Chapter Twelve

Okay, to tell you the truth, I totally didn’t know what was weirder—that someone knew something about my summer, or that, come Monday morning, I was crammed into a school van with my mother, my aunt, my new therapist, my roommates…and Zach.

I could hear him talking with Bex in the third row of the van, where the two of them sat next to Dr. Steve. I didn’t look at them or speak. I kept my eyes glued to the road ahead. The only thing that broke my trance was when my mother would turn from the front passenger seat and glance back at me, almost involuntarily, as if to make sure that I was still there.

“Now, Zachary, how is that study schedule I designed for you?” Dr. Steve asked about an hour into the journey.

“Good,” was Zach’s reply.

“And your new courses…anything there I should know about?” Dr. Steve went on.

“Everything’s fine,” Zach said, but he didn’t sound fine at all.

We drove through the countryside, along unfamiliar winding roads, and I didn’t let myself think about the classes I was missing (six) or the number of tests that were being added to the ones I already had to make up (two). I wasn’t at all concerned about the facts that my favorite jeans were now really big and my best friends were still pretty hostile. No, I didn’t let myself think about that.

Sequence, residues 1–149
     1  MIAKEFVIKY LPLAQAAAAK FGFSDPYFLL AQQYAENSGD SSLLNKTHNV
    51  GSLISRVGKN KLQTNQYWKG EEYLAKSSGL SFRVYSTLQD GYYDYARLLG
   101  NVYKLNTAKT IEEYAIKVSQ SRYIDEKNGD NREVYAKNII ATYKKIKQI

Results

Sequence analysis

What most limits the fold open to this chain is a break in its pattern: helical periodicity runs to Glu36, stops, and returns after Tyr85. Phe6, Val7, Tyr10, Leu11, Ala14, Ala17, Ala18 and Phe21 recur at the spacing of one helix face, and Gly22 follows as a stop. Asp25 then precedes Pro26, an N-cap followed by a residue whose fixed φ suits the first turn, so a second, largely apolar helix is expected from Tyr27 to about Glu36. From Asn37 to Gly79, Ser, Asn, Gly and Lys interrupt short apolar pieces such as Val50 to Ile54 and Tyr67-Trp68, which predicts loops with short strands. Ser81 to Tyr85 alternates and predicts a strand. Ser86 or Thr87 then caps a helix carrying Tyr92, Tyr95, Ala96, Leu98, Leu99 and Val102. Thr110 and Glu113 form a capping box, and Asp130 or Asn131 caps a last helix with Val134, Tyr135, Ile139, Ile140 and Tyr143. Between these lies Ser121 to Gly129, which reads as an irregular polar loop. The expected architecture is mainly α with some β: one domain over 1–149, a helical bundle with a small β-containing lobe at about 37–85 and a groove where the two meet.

Instead, I watched the road and the landmarks, looked at every gas station and café as if that would be the sight that would spring the trap that was my memory and put everything back the way it was supposed to be.

And yet we kept driving in circles. Hours passed and we kept backtracking and stopping for no reason—all the standard vehicular antisurveillance techniques—until, after what seemed like forever, the van finally slowed and turned onto a narrow lane that was all but invisible in the dense forest, a path hidden beneath a thick layer of falling leaves.